The Duchess.

After a somewhat dreary and soggy morning at the shelter, I sat down in the break room to eat a little something and rest before going back to my routine.  I took a moment to check my Facebook feed, and found that a friend had posted something of interest.

"Goodnight Duchess Sussex.  You made our world a more dangerous, exciting place.  I will miss you."

I posted a query in response:  "Is she retiring?"  It seemed to follow at the time.  The costumes are heavy; the days strenuous.

Not five minutes later the same friend called me.

She died.


I could not have been more shocked to hear of her passing.  I was told she died in her sleep.  After just another day of performing.  She was standing; interacting; jesting; glowing just hours before.  Faring people well.  Shooing them out.  Lining at gauntlet.  Trudging back down the hill.  Hanging up her gown.  Never to don it again.  Perhaps she was of poorer health than anyone knew.  Maybe she was fading quietly.  It is my understanding that she was a cancer survivor and I'm sure none would characterize her as anything but strong; stubborn; determined like no other.

61 just feels too young.  Too soon.  I wasn't ready.  Was anyone?


I met Lorraine for the first time in 2009.  Faire was my first theatrical venture since I graduated college in 2007.  I was a deer in headlights the first few rehearsals.  Introverted.  Lorraine was perhaps the first person I warmed to.  Made me feel at ease.  I don't remember how she introduced herself that first day, but I'm thinking it had a wry curse in it.  It wasn't "Hell hath no fury like Duchess Sussex", but it was something equivalent and witty.  I know some of my cast mates disliked our history lessons, but I loved hearing her bullet the entirety of the Renaissance for us.  I may just have to pull out my handbook to read it again . . . look at my notes . . . see if I scribbled any funny quotes . . . pause to recall . . .

I remember pairing up and receiving recognition for a florification exercise.  Nothing felt better than receiving her recognition.

I remember going to sit with her and another during a fairly pointless joint rehearsal.  I wanted to work on my dialect and grammar rather than sit idly.  She smiled and helped me along.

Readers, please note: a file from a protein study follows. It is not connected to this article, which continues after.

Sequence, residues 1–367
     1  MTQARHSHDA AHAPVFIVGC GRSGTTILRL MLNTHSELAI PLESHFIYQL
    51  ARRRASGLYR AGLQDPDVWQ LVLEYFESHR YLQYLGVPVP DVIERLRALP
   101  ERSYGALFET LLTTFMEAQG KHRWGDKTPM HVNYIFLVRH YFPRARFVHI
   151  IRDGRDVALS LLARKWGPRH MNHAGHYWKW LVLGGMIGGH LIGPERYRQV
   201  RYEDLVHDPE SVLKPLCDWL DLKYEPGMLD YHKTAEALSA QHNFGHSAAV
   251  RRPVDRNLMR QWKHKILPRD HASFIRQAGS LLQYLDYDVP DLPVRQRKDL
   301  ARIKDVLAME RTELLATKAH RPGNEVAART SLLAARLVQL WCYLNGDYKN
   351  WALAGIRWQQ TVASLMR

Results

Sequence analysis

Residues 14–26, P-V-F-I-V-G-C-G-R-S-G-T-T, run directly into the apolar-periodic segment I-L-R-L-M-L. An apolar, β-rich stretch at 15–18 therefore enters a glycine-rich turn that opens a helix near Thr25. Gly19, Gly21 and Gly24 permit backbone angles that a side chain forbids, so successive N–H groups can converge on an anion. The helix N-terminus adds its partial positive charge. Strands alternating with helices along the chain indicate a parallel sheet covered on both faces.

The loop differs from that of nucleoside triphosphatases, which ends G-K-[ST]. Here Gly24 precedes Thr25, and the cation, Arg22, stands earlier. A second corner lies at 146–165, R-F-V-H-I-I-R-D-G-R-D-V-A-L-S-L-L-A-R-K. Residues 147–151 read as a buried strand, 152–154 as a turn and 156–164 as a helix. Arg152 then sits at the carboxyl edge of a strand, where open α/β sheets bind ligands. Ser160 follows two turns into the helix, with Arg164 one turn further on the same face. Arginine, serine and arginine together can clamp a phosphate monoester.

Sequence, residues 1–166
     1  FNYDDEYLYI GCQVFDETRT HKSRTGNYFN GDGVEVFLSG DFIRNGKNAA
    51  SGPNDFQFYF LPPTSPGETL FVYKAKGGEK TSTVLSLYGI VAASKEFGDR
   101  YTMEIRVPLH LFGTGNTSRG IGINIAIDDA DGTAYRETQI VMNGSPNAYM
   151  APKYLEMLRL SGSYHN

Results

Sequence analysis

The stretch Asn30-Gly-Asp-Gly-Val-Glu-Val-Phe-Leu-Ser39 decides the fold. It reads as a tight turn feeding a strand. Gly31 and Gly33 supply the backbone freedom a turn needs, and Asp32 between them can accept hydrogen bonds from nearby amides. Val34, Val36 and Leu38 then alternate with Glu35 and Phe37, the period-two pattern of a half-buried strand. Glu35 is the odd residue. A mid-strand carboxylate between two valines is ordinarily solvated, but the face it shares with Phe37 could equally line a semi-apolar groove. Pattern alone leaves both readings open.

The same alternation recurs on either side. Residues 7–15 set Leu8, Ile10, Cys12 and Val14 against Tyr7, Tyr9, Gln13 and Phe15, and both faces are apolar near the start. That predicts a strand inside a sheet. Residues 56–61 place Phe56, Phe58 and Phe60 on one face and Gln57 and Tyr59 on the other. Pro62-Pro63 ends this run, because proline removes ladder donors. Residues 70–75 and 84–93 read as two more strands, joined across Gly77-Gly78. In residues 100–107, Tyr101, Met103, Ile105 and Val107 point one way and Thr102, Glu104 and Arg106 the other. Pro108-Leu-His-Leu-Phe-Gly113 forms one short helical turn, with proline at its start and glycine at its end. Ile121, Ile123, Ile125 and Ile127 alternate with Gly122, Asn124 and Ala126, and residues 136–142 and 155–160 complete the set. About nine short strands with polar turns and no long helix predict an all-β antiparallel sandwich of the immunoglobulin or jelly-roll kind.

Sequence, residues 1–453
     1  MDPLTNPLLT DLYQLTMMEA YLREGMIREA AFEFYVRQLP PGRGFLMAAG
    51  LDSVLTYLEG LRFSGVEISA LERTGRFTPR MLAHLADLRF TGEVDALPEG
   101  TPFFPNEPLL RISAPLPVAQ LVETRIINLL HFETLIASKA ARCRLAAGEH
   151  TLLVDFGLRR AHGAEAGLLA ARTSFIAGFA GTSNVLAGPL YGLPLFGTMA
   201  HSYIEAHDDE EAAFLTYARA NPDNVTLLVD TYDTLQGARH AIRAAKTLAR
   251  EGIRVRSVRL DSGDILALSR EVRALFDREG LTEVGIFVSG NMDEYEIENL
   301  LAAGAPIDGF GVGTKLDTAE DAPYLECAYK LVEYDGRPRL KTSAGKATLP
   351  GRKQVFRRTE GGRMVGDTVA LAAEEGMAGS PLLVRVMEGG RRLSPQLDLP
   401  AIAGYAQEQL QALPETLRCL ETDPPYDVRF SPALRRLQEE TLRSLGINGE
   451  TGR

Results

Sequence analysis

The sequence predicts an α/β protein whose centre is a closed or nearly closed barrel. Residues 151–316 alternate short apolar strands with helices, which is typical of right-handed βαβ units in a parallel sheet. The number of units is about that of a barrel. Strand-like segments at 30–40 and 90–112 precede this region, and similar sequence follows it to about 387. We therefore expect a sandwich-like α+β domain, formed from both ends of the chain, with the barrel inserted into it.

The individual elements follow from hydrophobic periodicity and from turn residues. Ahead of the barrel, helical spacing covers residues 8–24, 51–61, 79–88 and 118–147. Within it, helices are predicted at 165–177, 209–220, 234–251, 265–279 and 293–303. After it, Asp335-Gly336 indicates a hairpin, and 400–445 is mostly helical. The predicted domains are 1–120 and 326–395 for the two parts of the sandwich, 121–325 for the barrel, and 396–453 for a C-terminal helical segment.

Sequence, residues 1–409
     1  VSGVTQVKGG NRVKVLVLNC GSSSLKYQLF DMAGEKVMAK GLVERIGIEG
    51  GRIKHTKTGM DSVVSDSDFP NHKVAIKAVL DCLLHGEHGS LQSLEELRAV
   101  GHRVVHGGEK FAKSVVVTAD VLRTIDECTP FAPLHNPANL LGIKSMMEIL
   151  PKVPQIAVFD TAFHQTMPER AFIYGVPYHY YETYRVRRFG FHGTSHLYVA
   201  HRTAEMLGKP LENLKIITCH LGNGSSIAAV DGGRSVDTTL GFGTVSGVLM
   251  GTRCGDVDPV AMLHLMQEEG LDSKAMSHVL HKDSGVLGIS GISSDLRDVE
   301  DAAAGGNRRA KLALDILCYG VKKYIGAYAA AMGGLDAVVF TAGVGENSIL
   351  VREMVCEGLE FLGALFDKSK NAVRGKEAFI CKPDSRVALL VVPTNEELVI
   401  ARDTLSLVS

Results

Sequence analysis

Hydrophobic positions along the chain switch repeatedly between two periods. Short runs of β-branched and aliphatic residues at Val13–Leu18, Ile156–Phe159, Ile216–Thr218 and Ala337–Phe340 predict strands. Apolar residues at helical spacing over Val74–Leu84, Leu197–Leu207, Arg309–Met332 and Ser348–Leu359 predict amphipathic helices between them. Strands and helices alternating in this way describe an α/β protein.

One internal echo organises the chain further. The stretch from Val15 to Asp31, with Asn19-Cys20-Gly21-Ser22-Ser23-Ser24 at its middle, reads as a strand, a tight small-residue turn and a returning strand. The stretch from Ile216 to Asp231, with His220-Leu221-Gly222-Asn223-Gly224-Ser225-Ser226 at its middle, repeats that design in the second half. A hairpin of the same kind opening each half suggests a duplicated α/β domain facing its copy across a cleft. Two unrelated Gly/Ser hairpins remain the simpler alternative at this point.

I remember running around with my cast brother (like the idiots we were).  We ran all the way down the hill, took a right at the pickle vendor, and flew into The Globe.  I was just chasing him, with some aggravated motivation.  Lorraine came in shortly after.  She told us that there were children we entranced with our bit, so she wanted to extend it.  She then kicked us out of Globe and yelled at us.  To see her approval and her smile was such a simple joy.

I remember co-creating a grovel for her the following year.  We dubbed it "The Sussex Special."  I performed it for her in all my glory:  instead of a curtsey, I clutched my neck and fell over instead.

I have never once begrudged my casted station . . . I adored being a peasant.  But I do feel a twinge of regret now . . . if I had been noble I feel as if my time with her would not have been so fleeting.  I passed her often, but only from here to there; rarely pausing.  I delivered missives and messages but we never shared that "one awesome bit" together.

You know, it's kind of amusing and pathetic that I can't quite recall any of our "out-of-character" conversations . . . I think I was just so in awe and happy that they were occurring at all that I didn't retain an ounce of it.  I just listened intently and sopped up the moment like a sponge.  I can only hope I wasn't drooling out of the corner of my mouth.

It is with my own memories, and the memories of many, that we remember you, Lorraine.  You were so much more than The Duchess.  You WERE Faire.  You were in every sign, every Times, on every lane, unpaved to paved.  The tears I shed are such a gift because they tell me that I knew you, however briefly.